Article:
Overseas firms are rerouting supply chains away from the UK, according to the latest PMI.
Export orders for the manufacturing sector dropped at the second fastest pace in four-and-a-half years in April due to Brexit prevarication.
The IHS Markit/CIPS UK Manufacturing Purchasing Managers’ Index fell to 53.1 in April, down on 55.1 in March and against the neutral reading of 50.
Brexit stockpiling of inputs and finished products has been the key theme for manufacturing in recent months, though the delay to the UK’s departure meant rates of increase in both stock measures eased.
Duncan Brock, group director at CIPS, said: “As Brexit prevarication continued, overseas clients took to action and found new supply chain routes away from the UK, resulting in the second-fastest drop in new export orders in four-and-a-half years.
“The mild rise in domestic orders was unable to meet this significant shortfall in business and with the extended Brexit deadline, the levels of stockpiling slowed as UK manufacturers turned their attention to building efficiencies instead.”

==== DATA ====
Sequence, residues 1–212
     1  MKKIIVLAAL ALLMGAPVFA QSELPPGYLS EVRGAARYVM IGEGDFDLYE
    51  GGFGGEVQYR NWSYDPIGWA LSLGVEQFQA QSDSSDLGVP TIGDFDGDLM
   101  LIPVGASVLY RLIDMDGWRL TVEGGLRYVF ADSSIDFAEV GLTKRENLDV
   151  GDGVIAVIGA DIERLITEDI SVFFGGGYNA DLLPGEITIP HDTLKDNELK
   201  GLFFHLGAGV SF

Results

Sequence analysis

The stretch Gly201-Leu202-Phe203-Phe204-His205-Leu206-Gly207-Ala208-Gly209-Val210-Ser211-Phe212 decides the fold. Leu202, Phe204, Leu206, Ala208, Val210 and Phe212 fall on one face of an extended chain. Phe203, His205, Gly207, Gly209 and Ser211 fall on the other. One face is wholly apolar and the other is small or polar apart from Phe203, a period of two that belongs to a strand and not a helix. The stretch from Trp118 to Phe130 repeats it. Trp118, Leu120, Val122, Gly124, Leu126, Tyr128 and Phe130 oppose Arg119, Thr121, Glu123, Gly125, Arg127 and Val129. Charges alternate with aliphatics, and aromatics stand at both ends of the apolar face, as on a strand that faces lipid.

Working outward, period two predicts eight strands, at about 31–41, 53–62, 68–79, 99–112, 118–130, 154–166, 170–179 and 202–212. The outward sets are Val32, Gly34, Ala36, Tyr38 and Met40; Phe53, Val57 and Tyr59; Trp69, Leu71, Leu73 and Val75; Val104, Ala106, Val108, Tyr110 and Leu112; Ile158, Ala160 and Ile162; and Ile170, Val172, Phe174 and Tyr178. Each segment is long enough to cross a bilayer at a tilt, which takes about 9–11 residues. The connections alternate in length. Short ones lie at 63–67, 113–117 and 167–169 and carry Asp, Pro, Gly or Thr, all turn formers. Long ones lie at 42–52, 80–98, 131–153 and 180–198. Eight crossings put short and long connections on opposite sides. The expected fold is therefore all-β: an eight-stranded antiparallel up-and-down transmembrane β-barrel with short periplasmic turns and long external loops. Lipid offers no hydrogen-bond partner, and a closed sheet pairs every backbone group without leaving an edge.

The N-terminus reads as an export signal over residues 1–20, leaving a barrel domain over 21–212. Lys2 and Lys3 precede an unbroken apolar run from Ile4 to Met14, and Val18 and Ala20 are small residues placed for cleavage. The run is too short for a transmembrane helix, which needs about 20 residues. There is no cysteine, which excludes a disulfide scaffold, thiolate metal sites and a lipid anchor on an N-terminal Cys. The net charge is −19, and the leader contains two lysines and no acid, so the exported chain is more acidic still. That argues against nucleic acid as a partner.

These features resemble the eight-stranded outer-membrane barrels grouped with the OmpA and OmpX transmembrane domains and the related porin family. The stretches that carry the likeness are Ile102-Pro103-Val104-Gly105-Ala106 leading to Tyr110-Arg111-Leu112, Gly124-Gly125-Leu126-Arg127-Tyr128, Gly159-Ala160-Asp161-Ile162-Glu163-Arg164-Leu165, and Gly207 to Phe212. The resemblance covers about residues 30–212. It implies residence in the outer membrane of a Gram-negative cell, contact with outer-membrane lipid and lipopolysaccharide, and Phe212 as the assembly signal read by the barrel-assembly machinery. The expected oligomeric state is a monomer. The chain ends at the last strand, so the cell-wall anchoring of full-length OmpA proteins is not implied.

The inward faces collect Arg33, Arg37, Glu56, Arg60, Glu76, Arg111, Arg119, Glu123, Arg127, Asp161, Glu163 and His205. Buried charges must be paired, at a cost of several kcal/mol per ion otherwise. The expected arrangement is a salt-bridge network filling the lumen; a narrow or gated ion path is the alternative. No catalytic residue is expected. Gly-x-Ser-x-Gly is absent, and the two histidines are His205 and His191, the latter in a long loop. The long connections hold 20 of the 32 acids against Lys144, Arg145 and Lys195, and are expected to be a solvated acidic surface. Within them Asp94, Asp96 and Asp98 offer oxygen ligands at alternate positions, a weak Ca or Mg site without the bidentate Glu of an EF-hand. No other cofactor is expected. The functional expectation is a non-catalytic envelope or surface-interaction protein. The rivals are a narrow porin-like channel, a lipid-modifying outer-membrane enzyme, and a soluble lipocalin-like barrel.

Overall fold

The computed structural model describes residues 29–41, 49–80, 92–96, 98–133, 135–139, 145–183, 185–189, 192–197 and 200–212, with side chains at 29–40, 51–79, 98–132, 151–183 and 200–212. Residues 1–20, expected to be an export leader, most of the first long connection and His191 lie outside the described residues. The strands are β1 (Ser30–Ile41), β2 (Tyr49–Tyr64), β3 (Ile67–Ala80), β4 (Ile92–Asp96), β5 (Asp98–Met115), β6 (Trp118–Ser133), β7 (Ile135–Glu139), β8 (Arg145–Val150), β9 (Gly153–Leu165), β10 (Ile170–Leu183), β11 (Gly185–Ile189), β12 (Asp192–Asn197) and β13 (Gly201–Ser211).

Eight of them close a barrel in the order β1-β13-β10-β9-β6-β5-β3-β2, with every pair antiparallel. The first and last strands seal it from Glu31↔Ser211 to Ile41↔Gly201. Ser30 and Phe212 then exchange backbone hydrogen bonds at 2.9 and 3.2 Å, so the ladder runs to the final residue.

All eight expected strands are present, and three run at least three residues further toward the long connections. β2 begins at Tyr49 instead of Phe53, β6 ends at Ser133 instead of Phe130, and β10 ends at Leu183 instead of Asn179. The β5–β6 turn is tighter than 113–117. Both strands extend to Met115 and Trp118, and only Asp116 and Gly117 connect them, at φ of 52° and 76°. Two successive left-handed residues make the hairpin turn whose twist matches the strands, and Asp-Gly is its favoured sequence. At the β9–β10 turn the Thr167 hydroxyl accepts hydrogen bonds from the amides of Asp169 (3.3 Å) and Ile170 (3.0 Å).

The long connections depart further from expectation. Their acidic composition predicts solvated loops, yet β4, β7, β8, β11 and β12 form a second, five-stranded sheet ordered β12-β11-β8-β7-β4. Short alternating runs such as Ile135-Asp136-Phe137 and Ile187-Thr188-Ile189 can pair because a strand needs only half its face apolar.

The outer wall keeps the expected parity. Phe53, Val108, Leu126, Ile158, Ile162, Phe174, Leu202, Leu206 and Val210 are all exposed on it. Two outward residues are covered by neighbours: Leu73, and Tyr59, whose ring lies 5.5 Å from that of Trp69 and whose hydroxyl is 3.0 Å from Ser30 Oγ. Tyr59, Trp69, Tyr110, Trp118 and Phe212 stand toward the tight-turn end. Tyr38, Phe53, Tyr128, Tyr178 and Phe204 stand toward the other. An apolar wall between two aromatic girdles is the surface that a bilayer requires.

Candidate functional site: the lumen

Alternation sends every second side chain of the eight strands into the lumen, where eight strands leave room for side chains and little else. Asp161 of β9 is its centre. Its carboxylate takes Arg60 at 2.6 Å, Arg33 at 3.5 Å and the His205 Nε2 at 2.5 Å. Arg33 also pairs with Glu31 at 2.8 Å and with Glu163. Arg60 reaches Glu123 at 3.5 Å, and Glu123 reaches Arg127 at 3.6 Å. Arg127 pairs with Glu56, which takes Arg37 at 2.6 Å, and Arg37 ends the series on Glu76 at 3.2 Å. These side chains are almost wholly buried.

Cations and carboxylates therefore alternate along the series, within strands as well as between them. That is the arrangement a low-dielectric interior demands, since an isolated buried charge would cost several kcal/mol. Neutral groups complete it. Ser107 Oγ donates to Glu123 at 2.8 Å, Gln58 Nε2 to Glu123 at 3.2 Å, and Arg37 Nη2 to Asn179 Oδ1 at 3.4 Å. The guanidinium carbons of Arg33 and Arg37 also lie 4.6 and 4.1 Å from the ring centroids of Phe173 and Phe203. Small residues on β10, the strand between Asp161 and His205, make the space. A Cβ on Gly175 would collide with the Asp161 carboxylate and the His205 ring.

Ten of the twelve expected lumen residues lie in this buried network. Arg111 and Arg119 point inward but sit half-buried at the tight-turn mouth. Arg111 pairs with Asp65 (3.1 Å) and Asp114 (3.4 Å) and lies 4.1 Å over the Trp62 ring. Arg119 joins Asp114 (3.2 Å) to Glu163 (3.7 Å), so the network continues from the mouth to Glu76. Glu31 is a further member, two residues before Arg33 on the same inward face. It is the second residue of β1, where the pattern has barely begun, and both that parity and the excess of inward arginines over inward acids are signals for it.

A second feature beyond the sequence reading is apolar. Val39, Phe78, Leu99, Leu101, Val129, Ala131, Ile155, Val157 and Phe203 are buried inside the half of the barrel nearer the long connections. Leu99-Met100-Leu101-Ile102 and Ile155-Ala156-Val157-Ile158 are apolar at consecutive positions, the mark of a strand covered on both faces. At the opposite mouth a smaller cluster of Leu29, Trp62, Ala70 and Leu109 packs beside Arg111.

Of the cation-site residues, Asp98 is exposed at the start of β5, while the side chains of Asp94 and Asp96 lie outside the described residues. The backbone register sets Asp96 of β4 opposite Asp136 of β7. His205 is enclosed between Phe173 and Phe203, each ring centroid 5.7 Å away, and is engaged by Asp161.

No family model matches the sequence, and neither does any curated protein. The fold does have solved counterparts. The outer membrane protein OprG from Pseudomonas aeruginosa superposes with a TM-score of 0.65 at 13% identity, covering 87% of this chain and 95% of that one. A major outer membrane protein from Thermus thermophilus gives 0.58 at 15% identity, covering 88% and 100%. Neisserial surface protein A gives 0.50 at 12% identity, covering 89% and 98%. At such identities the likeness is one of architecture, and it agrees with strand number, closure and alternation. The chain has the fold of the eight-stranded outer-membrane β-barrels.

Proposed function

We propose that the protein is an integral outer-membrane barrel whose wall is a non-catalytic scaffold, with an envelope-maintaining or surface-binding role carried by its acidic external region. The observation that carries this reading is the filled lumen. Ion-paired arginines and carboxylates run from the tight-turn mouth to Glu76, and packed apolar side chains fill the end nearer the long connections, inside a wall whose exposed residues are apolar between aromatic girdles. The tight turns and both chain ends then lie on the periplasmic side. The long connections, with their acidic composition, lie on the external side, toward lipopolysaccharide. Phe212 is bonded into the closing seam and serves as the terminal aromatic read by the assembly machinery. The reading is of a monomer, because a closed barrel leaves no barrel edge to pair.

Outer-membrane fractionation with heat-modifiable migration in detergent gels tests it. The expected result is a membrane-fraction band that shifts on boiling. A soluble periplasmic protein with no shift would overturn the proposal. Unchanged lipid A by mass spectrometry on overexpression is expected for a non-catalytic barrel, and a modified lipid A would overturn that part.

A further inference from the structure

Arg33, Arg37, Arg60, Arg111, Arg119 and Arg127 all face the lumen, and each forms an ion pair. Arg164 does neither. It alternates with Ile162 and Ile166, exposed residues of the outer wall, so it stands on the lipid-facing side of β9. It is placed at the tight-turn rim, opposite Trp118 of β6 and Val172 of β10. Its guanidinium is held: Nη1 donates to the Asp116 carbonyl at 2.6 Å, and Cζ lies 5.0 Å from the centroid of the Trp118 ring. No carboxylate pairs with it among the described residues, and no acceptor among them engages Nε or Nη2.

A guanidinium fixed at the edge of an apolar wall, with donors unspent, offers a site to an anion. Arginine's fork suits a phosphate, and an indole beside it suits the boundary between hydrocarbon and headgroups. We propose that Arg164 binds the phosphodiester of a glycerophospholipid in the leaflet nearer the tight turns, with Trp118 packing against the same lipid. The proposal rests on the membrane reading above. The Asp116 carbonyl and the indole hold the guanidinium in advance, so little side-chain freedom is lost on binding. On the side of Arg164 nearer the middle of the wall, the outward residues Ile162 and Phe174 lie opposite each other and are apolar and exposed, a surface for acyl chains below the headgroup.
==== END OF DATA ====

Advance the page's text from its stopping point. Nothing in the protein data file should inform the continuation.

Average purchasing costs rose, mainly due to higher prices for commodities, energy, oil and raw materials. Output charges also rose.
Rob Dobson, director at IHS Markit, said: “Manufacturers’ outlook remained relatively upbeat, with over 50% forecasting their output will be higher in 12 months’ time. Companies plan to use new product launches, new technologies and improved marketing strategies to drive growth forward in the coming months.
“However, Brexit uncertainty continues to weigh on plans, as some firms remain concerned about future growth prospects and the likely impact on output and demand from the unwinding of inventory positions later in the year.”
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